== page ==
Almost, Maine

By - Feb 19th, 2007 02:52 pm
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By Russ Bickerstaff

As temperatures climb after some of the coldest days of the year, the Boulevard Theatre opens a wintery romantic comedy set in frigid rural Maine. Almost, Maine is a series of short dialogues between eight pairs of people who all have different relationships with love. It’s a pleasant evening in the intimate space of the Boulevard that is well worth going out into the cold to enjoy.

The stage is a deep blue decorated in white. A few evergreens inhabit the tiny space accompanying a huge snowman holding cards that state the title of each short. It’s an interesting effect coming in from the authentic cold of Bay View in February to arrive in the warmth of an artificial winter onstage in the fictional space known as Almost, Maine. It’s explained relatively early on that the name is used to identify a section of the state that never quite gained its own name. In the cold of rural America in the dark of winter, people struggle to make and keep romantic connections through the course of eight different stories.

The opening bit also closes the show. Liz Mistele and Siddhartha Valicharlavenkata play stereotypical young lovers working out a geographical paradox of intimacy. It’s a somewhat clever bit that establishes Mistele as the woman who sets the stage in a variety of different costumes. It also establishes Valicharlavenkata as a pretty solid actor. He last showed up as a waiter in Boulevard’s production of Beyond Therapy this past August, but here he is given the center of the stage and takes to it pretty well. While it’s pretty safe to say that playwright John Cariani probably wasn’t imagining a deep Indian accent mixing in and amongst the locals in rural Maine, Valicharlavenkata has such an engaging presence that it seems natural.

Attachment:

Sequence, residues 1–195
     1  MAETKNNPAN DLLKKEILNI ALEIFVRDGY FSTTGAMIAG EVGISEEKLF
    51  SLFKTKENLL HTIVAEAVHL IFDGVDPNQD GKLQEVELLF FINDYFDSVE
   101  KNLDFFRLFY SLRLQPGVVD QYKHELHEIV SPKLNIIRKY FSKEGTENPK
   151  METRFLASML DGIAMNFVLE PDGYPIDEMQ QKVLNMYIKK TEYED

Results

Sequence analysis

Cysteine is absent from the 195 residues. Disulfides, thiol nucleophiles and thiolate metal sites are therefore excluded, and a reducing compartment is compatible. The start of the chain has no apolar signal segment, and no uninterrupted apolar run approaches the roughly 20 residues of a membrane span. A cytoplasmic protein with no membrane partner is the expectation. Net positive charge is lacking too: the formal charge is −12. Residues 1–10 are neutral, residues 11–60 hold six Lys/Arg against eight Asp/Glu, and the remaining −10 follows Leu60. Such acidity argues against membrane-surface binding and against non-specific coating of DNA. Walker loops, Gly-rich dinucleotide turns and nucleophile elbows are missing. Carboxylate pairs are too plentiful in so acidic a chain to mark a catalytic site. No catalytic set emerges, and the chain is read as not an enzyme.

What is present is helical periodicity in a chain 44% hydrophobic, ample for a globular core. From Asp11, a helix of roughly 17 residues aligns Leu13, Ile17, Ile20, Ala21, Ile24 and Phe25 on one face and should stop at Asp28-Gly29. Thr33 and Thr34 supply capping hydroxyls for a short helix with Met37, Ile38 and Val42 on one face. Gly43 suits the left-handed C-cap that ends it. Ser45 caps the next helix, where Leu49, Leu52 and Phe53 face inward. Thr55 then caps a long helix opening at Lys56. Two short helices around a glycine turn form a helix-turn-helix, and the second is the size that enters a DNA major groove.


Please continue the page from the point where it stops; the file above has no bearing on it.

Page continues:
The introductory bit is followed by a short entitled, Her Heart. It’s a piece about a lost woman (Jan Nelson) and the stranger (Michael Weber) whose lawn on which she has pitched a tent. Weber puts in a solid performance here and later on in Where It Went – the programs most intense bit of drama. Cynthia L. Paplaczyk was originally cast as the woman in this piece, but had to drop out of the performance on Friday night of opening weekend. Jan Nelson was acting with a script, but she managed a compellingly heartfelt performance nonetheless. Nelson’s performance in The Story of Hope a little later on in the program is a bit more intense as she plays a woman attempting to confront a romance she turned away from years ago.

Beth Monhollen also makes quite an impression in a couple of bits about friendship becoming something more intense, first with Valicharlavenkata in Seeing the Thing and then with Kirsten Mulvey in They Fell. Monhollen brings the same sweetness to the stage that she did in Boulevard’s production of Marion Bridge last month.

Love that had been cast away is looked at from a completely different angle in Sad and Glad. Liz Mistele is charming as a woman living in rural Almost who has successfully managed to avoid a man (Ken Dillon) who has a crush on her for a number of years. They have one last conversation in the back of a bar in one of the most interesting bits in the entire program.

Ken Dillon also co-stars in Getting It Back – by far the best bit in the entire program. He and Ericka Wade play a couple at the end of a romance. Both are trying to return the love that the other had given them so they don’t have it burdening them as they move on with things. It’s a clever bit that’s both quite abstract and exceedingly visceral. It’s absurdist comedy that also has a very strong emotional drama to it. Dillon and Wade manage the dichotomy of the piece with poise and balance. It’s the high point of the show. VS

The Boulevard Ensemble’s production of Almost, Maine runs now through the 25. For more info, call 414-744-5757 or visit Boulevard online at www.boulevardtheatre.com.

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